Bug exhibit

Took to lunch yesterday at Sam’s Deli downtown with a couple museum chums of mine, one of whom works a few blocks away at the Royal BC. Had the special: tomato soup with egg sandwich, of which I only received one half of (the sandwich) from the counter girl. Fairly tasty nonetheless. Strolled back to the museum with said friend, who was on lunch, and who got us (I and other museum buddy) pro bono access to the premises.
So checked out the new Bug Exhibit, which a two-story poster outside had informed us – beneath the RBCM slogan Where the Past Lives – would feature Giant Robotic Insects (in 50’s-era comic book font). Expected cheesy hydraulic bugs behind velvet ropes and got exactly that. But soon found myself both compelled and in creeping unease of the 25-foot grasshoppers with expanding wings and hinged legs that dangled above your head, and esp. the praying mantis and its spiked nut-cracker arms and rubberized flesh. The label nearby informs that when male mantises approach a potential female mate, they must do so with caution, as either loving or being eaten for dinner, or both, could result.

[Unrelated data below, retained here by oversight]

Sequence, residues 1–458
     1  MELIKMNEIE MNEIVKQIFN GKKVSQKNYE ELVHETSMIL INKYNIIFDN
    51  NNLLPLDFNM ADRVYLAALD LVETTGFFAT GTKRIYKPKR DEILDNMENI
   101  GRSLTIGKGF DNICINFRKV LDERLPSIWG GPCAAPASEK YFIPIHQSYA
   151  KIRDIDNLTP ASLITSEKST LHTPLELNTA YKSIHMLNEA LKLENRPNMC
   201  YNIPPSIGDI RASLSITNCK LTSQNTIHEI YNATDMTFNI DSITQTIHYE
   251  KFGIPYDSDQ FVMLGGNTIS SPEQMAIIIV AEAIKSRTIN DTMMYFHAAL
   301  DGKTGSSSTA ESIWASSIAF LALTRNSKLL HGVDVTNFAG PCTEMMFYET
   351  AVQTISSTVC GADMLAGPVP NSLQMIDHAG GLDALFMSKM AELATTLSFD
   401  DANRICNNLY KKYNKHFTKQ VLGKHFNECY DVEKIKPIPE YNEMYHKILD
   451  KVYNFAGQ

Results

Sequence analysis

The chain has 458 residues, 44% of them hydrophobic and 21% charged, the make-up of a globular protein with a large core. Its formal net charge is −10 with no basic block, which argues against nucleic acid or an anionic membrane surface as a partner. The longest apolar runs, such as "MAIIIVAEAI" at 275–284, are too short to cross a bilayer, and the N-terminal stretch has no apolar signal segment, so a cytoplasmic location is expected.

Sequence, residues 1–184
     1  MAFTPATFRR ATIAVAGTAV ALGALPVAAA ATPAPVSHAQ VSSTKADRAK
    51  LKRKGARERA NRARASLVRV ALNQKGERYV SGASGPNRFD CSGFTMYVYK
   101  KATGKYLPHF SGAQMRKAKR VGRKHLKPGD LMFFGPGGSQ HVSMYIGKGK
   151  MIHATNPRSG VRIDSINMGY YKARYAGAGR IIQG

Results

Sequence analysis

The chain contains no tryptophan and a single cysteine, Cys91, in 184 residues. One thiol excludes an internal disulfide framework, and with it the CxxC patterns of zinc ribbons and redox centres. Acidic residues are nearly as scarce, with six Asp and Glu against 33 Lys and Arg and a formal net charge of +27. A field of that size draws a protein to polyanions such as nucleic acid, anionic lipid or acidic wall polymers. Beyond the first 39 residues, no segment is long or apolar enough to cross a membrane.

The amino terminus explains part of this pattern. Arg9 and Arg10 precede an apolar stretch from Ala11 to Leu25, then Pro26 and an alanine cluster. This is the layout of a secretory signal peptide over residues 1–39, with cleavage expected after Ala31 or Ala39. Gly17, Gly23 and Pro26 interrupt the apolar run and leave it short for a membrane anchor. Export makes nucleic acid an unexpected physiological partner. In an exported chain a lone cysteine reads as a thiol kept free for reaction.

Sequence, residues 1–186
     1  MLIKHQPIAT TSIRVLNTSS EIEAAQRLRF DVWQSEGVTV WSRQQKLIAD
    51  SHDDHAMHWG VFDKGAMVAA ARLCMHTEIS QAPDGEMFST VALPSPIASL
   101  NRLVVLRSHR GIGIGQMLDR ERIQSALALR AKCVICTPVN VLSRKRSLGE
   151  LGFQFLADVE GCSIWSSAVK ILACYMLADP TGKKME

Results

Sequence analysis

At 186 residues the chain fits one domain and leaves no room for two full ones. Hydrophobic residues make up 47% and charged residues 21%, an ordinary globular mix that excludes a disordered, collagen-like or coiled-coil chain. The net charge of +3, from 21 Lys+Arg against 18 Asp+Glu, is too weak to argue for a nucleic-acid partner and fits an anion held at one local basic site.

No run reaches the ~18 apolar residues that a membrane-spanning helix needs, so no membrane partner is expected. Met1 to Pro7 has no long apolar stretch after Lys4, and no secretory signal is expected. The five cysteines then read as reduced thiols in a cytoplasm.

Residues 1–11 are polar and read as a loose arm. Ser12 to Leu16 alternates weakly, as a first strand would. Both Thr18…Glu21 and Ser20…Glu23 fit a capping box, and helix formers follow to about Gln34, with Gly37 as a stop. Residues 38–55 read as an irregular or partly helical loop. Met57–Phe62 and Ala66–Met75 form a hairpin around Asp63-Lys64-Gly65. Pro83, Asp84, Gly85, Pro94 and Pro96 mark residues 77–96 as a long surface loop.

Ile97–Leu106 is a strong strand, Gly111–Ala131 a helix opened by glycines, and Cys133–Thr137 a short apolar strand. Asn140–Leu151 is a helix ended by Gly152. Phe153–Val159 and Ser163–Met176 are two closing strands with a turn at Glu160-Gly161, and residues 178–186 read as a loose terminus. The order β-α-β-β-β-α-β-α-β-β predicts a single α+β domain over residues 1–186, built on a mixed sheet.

It helped (didn’t help?) that the room’s illumination was fine-art dark, with fern-patterned spotlights projecting prehistoric landscapes on the black walls. Beyond a temporary partition moaned the sounds of high-powered electric drills and sanders as the museum installed a new exhibit. And although the giant moth and exquisite butterfly displays were informative and even pretty, I thought less, imagined worse and chewed my fingers more while pondering the household spiders display, or the posters of black widows and world-record cobwebs. Even the carnival themed interactive stations: disembodied heads of dragon flies and mosquitoes mounted like hunting trophies, where you push a button and the 100x-scale mosquito plunges a long metal straw into a platform of magnified human flesh, caused an uneasiness in my knees. Upon activation, the fly head would retract two hoof-like claws in front of its “mouth” then open them again to unroll a glossy, forked, rubber tongue. It was somewhat HR Geiger in design and had the over-the-top, organic, anthropomorphic quality of a Cronenberg film. I soon fled the exhibit with stomach cramps and a shortness of breath.

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